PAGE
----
Healthcare ransomware – you don’t have to be the victim

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Yet another ransomware attack has hit the news – this one notable for a number of reasons.  One was the extent of the attack, another was how it disrupted the impacted healthcare organization, but probably the biggest part of the story was how a lot of this could have been avoided.

The victim was Austin Urology, and because of the number of impacted individuals, it wound up in the #2 spot on the Department of Health and Human Services' Office for Civil Rights “wall of shame” website.  This is because over 260,000 individuals were potentially impacted.

As soon as Austin spotted the breach, they began remediation and also contacted their attorneys.  They notified all impacted customers and offered a year’s free credit monitoring – something that appears to be almost standard practice in these cases.

Did they pay a ransom?  No.  Why not?  Because they had backup.  Within a day, Austin Urology has restored all those encrypted files back to originals, and because the breach occurred on a Sunday – i.e., not during business hours – they essentially lost nothing.

But I think the larger part of the story – or at least something every company facing ransomware (which means everybody) needs to understand is that the impact didn’t have to be that bad.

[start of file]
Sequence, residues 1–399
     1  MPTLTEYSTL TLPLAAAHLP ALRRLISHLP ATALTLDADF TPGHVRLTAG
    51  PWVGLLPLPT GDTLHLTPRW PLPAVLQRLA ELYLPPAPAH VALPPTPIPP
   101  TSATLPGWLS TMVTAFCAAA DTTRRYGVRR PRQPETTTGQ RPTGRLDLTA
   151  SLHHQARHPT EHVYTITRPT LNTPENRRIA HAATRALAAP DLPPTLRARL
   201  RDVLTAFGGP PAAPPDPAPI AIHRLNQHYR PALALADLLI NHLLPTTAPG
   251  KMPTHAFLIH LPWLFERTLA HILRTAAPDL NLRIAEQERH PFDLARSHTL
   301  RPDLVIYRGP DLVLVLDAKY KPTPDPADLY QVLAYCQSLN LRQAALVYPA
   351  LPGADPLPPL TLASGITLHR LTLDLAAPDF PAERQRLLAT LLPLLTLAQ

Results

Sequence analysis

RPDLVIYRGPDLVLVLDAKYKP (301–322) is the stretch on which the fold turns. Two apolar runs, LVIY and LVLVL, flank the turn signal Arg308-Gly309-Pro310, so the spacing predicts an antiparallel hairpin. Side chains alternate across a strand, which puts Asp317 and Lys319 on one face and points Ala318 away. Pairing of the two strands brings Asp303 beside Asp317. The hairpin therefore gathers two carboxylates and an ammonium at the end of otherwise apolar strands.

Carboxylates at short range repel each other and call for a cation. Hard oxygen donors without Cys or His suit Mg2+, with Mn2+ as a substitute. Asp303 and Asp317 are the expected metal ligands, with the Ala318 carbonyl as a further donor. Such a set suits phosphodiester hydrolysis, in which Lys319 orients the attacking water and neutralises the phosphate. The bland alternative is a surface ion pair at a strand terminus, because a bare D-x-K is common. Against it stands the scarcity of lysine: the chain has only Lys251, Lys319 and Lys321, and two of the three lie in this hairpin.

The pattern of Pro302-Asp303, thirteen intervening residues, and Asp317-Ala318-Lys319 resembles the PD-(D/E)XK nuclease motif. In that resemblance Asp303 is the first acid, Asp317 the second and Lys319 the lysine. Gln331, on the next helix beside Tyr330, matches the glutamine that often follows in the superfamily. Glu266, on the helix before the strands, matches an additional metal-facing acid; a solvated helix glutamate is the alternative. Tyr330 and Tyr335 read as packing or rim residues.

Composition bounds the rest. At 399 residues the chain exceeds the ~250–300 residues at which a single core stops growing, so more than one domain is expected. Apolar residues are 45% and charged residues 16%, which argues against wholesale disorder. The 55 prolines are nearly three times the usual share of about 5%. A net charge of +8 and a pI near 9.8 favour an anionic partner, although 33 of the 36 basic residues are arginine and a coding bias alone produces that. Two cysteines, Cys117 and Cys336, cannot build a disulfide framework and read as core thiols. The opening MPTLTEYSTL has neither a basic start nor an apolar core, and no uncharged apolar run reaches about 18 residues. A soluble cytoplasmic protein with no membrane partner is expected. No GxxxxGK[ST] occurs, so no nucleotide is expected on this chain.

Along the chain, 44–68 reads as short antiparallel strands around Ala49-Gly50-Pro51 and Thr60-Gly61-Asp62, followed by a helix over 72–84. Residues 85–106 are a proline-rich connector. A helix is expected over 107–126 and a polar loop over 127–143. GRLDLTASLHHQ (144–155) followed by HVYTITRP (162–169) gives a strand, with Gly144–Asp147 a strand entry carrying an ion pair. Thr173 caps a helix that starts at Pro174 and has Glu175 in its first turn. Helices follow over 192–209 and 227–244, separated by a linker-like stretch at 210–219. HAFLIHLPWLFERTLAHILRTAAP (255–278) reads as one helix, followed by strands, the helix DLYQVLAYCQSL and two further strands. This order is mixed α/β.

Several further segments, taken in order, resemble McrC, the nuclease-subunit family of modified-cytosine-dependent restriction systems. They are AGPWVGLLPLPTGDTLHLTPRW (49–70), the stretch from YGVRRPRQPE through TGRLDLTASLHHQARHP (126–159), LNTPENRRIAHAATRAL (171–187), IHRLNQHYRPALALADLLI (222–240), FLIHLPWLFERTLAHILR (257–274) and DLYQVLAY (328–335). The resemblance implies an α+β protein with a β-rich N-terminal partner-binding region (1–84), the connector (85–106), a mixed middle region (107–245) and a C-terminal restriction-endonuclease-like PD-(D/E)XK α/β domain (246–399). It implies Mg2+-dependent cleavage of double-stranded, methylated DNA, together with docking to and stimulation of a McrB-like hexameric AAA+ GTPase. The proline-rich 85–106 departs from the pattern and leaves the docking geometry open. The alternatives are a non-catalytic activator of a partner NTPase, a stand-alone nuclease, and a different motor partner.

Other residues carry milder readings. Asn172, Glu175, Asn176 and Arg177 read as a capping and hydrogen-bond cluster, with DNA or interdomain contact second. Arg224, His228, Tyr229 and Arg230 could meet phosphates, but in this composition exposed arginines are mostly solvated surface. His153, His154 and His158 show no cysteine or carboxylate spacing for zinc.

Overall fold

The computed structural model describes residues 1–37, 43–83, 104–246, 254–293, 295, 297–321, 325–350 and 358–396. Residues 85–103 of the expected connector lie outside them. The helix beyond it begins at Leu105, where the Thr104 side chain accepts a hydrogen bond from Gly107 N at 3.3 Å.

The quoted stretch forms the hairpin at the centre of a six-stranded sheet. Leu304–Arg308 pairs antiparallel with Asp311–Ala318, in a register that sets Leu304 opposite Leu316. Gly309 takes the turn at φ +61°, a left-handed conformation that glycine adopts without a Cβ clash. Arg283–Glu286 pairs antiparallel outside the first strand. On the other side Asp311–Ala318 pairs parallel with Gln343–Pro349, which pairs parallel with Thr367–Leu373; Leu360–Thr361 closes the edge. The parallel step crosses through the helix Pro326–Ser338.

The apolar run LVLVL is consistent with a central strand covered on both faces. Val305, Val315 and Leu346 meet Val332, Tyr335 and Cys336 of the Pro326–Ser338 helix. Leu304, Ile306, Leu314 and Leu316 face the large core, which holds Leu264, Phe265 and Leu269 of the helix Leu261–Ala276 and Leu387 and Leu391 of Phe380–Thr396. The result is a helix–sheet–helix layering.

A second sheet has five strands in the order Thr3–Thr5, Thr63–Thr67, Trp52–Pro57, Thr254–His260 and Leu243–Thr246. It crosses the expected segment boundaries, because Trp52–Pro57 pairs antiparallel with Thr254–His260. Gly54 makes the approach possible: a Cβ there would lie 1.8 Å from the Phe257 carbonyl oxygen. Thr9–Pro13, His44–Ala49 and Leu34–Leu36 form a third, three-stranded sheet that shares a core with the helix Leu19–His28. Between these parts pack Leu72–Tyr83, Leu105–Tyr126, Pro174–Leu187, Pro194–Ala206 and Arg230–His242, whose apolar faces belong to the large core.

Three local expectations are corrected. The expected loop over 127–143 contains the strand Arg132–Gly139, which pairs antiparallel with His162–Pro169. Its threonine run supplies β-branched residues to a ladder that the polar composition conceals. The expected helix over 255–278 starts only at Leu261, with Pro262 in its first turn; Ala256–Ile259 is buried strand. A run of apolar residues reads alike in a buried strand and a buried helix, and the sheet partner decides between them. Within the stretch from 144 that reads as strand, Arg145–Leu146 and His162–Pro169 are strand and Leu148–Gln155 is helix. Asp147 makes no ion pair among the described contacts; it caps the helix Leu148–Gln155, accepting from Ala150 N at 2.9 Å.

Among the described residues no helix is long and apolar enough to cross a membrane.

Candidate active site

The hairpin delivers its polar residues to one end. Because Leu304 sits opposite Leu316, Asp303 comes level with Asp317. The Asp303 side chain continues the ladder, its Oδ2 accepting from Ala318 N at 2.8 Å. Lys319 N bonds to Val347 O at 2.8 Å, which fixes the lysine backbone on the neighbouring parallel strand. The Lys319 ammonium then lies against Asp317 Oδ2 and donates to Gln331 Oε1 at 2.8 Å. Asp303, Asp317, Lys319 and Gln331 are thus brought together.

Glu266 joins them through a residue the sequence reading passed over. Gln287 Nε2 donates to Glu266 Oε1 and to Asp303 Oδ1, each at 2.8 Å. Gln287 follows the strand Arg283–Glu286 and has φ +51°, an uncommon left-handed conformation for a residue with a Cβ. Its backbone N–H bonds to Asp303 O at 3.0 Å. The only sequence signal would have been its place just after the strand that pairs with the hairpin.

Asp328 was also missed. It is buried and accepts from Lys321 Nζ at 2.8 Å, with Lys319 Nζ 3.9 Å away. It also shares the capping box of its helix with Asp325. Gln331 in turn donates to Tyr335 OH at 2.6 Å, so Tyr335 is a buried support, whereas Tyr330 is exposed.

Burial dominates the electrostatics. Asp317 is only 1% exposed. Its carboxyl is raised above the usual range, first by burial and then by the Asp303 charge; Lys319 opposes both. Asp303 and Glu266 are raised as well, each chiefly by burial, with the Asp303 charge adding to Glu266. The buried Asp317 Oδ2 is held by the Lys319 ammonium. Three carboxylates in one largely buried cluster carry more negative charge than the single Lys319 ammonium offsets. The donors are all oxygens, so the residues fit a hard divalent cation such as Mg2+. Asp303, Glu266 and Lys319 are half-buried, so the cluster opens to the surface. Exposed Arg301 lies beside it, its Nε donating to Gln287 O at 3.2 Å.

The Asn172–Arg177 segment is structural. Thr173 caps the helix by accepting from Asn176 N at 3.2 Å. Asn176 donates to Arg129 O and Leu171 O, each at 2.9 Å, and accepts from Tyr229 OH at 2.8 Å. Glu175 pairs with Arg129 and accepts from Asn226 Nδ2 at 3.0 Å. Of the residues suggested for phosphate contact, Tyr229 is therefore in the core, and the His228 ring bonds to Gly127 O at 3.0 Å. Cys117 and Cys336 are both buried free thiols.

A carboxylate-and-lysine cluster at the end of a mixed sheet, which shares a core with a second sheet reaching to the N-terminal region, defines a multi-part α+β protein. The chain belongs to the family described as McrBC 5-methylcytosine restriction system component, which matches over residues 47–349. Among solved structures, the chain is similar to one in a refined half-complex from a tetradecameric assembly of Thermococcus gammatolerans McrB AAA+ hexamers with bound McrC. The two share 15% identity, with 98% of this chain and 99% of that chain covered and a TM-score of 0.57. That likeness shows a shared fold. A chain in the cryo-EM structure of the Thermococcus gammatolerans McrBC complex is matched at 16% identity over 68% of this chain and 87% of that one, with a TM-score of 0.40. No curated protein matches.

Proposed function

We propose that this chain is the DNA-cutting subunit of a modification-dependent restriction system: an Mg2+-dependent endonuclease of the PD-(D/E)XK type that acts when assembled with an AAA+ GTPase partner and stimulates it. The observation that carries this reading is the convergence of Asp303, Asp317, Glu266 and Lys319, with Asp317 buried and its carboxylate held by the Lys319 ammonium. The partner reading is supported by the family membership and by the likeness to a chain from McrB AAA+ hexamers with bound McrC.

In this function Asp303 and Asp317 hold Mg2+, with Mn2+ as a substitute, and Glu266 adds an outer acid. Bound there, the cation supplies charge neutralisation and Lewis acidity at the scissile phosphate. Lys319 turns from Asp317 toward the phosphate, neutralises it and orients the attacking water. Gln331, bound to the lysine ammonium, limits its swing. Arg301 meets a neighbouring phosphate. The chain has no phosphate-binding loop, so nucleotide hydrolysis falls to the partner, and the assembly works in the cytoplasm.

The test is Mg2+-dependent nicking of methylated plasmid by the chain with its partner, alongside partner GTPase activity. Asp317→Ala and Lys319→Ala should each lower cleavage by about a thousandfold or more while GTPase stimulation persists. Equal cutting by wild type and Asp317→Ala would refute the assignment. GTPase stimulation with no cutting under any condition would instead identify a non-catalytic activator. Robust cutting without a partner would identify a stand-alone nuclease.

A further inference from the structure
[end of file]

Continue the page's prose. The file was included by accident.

Most healthcare organizations have a need to keep patients’ records long after their care has ended; insurance, follow-ups, a number of reasons dictate keeping this information.  The key takeaway, though, is that it ought to be kept offline, i.e. still in backups but not always connected to their networks.  Austin’s number of active patients was a fraction of the 260,000+ contained in their entire database – yet the full database was actively connected to their network.

In the new scheme of things, it probably makes a lot of sense for IT to not only have a good data backup, but have a backup strategy so that while everything is properly backed-up, not everything is readily available to a network that’s under attack.

Rich is the Product Marketing Manager, Information Management. He's been with Barracuda since the acquisition of C2C Systems in 2014. Rich specializes in storage solutions, information management, and archiving systems. His experience includes extensive work on OEM opportunities and the legal community.

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